IronPython releases first ‘stable’ version

The developers of the IronPython project have released version 1.0 of the Python implementation for the .Net framework. Along with the release of this first “stable” version of the development language, lead developer Jim Hugunin detailed the genesis of the project and his vision for the Common Language Runtime (CLR) used by .Net.

When IronPython development began, it was the only scripting language available for the .Net framework. The other languages, such as C# and Visual Basic, use a compiler to convert the program code into code that can be executed by the CLR. Scripting languages ​​such as IronPython do not require compilation, which allows faster program development by skipping the compile step. In addition, an interpreted scripting language offers opportunities to make optimizations during code execution.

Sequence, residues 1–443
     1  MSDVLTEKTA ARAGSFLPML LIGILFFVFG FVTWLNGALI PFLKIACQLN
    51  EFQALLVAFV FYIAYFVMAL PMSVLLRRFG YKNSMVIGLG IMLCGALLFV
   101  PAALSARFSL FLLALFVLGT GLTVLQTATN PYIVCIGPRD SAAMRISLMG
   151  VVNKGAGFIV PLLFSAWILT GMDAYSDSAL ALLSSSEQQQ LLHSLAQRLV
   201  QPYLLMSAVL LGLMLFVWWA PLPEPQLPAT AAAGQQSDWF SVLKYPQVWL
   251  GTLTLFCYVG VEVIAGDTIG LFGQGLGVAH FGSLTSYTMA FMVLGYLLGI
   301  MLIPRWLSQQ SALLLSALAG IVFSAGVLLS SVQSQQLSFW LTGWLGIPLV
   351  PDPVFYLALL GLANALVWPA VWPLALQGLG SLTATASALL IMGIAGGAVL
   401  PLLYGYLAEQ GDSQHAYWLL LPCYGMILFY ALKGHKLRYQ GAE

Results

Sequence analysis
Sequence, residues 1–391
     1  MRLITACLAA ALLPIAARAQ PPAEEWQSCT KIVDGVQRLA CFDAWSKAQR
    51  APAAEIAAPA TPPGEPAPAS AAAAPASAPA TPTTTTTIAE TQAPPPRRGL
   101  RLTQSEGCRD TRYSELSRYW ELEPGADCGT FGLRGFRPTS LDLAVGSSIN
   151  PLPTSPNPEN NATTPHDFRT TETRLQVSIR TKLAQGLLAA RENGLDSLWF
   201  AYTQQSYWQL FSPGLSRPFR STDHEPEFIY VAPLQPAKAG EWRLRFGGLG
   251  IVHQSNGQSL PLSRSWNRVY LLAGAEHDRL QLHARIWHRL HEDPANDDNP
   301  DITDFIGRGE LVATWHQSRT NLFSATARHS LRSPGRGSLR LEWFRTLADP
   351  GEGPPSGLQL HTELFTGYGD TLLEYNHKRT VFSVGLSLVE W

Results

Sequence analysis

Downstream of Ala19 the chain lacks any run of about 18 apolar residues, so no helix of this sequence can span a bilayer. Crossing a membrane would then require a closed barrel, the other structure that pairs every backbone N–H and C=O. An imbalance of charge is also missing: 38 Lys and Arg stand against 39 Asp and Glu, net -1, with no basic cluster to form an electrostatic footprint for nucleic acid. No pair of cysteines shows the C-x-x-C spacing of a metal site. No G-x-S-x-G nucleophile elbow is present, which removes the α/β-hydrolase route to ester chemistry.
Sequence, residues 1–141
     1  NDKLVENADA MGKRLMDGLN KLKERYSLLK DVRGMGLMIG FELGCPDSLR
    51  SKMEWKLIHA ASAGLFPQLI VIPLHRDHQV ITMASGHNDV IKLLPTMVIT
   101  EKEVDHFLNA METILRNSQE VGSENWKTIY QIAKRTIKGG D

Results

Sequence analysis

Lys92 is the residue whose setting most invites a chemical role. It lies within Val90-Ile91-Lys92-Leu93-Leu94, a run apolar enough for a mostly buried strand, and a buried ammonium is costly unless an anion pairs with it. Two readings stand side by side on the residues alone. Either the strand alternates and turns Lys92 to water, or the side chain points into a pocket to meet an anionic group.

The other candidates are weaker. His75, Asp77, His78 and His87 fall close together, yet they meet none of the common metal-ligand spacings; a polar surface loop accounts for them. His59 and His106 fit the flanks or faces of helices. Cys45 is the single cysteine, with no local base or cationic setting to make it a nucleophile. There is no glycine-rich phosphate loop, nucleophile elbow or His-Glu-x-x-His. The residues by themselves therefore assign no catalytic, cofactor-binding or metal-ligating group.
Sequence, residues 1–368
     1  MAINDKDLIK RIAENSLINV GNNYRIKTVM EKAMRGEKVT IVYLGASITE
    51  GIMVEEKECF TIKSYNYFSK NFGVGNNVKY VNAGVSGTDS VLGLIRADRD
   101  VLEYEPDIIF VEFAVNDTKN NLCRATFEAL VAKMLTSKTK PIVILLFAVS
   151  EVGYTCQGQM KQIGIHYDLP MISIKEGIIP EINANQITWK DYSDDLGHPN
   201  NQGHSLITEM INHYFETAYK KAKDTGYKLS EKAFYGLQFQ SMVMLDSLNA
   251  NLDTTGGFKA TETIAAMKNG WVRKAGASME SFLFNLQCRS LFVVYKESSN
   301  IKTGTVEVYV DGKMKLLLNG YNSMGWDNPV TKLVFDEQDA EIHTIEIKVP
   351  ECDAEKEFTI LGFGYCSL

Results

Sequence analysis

Jim Hugunin began developing IronPython as a prototype Python implementation in .Net. The experiences gained during the development would be used for an article describing deficiencies of the CLR. Indeed, several articles had been published arguing that the CLR was unsuitable for dynamic languages ​​such as Python. Previously, Hugunin had already implemented Python for the Java Runtime Engine, resulting in the Jython project. In the JRE, Jython’s performance was found to be quite good compared to the original version of Python developed in C. He was therefore curious as to how Microsoft had managed to develop the CLR in such a way that the performance was as bad as claimed. However, while developing his prototype, he found that the CLR wasn’t all that bad for dynamic languages ​​and that IronPython even outperformed the original Python. Hugunin is now employed by Microsoft for which he works on the CLR and also helps with the Phalanger project that works on PHP support in the .Net framework. Other .Net scripting languages ​​are now available, including the Python-derived Boo.